I remember coming home from the beach a month ago, exhausted from watching the road, avoiding potholes, listening to Becky talk about her three kids, the two I jokingly call her bad ones, who refuse to do just about anything for themselves or to help her out around her house, and then tried to hold back my own tears as she cried and told me that the one I call her good child had gotten a job in Eastern Virginia, and would be leaving in less than two weeks, that he had found a place to live while we were at the beach, and that she would be lost without him, that she felt like she would die. It made me secretly happy not to have human children who, no matter what they did, seemed only to break their parents’ hearts.
In addition to Becky’s stressful life situations, I had been pulled over twenty minutes into the 7-hour drive home by a state trooper named Michael, a pleasant-looking man despite the fact that he was a police officer and they never smile, who asked me the ridiculous question that officers ask always when they pull you over, “Do you know why I pulled you over?” I told him that I thought I was probably going a little too fast. He wiped sweat from his brow in the early August morning heat and added, “Yes. Ma’am, when you passed that other car, you were going 52 in a 35. Are you visiting with us?” I wanted to tell him not anymore, but I was afraid he’d think I was being a smart-ass and throw me in jail so he could say, “Yes, you still are.” Yet somehow, Michael gave me a break. An amazing break, a warning and even details on where the speed limits changed until I would get back on the interstate. It had been a long, long day.
I remember arriving home, Russ already gone to work, me eager to see my own children, my four sweet kitty-puffs – Sophie, Ichabod, Baltic, and Football. Then looking around for the four kids and only finding three, but continuing to search, opening every door, even the squeaking one in my office, praying that my missing child would look up at me behind his massive frame and meow his hoarse meow, and I’d try to comfort him because he would have been locked up in there for hours and would be terrified.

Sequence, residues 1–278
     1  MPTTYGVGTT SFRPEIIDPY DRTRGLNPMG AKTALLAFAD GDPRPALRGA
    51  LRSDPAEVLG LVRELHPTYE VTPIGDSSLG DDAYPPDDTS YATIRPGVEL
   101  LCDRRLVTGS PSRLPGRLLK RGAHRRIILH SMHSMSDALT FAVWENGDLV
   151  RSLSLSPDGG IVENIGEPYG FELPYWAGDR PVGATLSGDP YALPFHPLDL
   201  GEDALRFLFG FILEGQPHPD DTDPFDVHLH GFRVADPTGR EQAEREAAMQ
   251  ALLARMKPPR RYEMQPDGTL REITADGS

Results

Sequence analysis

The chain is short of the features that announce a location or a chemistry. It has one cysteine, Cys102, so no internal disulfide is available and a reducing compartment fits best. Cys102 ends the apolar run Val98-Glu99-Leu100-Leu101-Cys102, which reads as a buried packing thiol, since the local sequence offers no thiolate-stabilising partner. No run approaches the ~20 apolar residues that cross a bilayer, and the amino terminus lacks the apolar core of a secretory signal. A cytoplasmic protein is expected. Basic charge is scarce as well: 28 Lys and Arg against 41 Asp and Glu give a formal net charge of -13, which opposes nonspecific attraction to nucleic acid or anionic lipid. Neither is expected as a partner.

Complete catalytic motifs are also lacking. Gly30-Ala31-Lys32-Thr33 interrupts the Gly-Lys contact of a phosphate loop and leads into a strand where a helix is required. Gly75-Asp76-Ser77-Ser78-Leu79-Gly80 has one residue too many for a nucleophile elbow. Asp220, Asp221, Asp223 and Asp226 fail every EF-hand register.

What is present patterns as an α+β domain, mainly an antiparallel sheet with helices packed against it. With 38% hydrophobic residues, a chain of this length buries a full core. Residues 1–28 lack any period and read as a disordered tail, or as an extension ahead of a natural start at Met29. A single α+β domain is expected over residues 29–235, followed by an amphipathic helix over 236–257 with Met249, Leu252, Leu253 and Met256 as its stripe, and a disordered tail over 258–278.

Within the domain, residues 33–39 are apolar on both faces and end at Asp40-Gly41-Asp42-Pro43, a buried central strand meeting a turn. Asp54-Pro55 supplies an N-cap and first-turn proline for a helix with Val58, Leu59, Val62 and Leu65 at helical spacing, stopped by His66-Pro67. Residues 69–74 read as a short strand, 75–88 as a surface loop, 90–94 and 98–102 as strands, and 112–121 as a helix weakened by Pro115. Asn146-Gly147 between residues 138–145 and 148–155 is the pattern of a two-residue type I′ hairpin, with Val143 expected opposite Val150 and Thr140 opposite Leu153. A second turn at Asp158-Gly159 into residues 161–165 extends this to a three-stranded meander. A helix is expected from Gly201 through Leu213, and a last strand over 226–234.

After finding him nowhere in the house, I messaged Russ frantically, misspelling everything, my chubby fingers hitting whatever keys they hit in my frazzled state of mind
Where is Football, I typed and waited for him to answer, WHERE IS FOOTBALL, this time in all caps.
My heart sank and my eyes stung as they filled with tears. Eventually his answer came back across the screen. “He ran out yesterday morning at 8:30 as I got in from work. Barreled past me. I haven’t seen him since.”
I wanted to scream. I fought the vomit that gathered thick and soured in my throat. I slammed the phone down and ran outside, knowing I couldn’t find him in the dark, but trying, anyway.
The lawn hadn’t been mowed in a month; it was like a freaking jungle. Where in the world could my gentle giant be? Where was my Football baby? And it was raining. Again. It had rained ever since the week I’d left for Hindman, where it flooded and sent us home early, a tragedy where dozens died, and people lost homes and belongings. And the week I had been at the Beach, the rain had droned on, mud puddles in the backyard, me tripping through them as I cried and now screeched for my missing child at the top of my lungs, but knowing that he would not be outside in this weather. That he would have come back inside if he had been anywhere nearby. I climbed the back steps, went back into the kitchen, and saw that the water dish was completely dry. I lost it. That dish would have had to have been empty for at least two of the four days I was gone in order to still be bone dry. And I wondered how I could forgive Russ for neglecting to do such a simple thing. I went to bed and cried. For days. I guess all kids make all parents cry, somehow…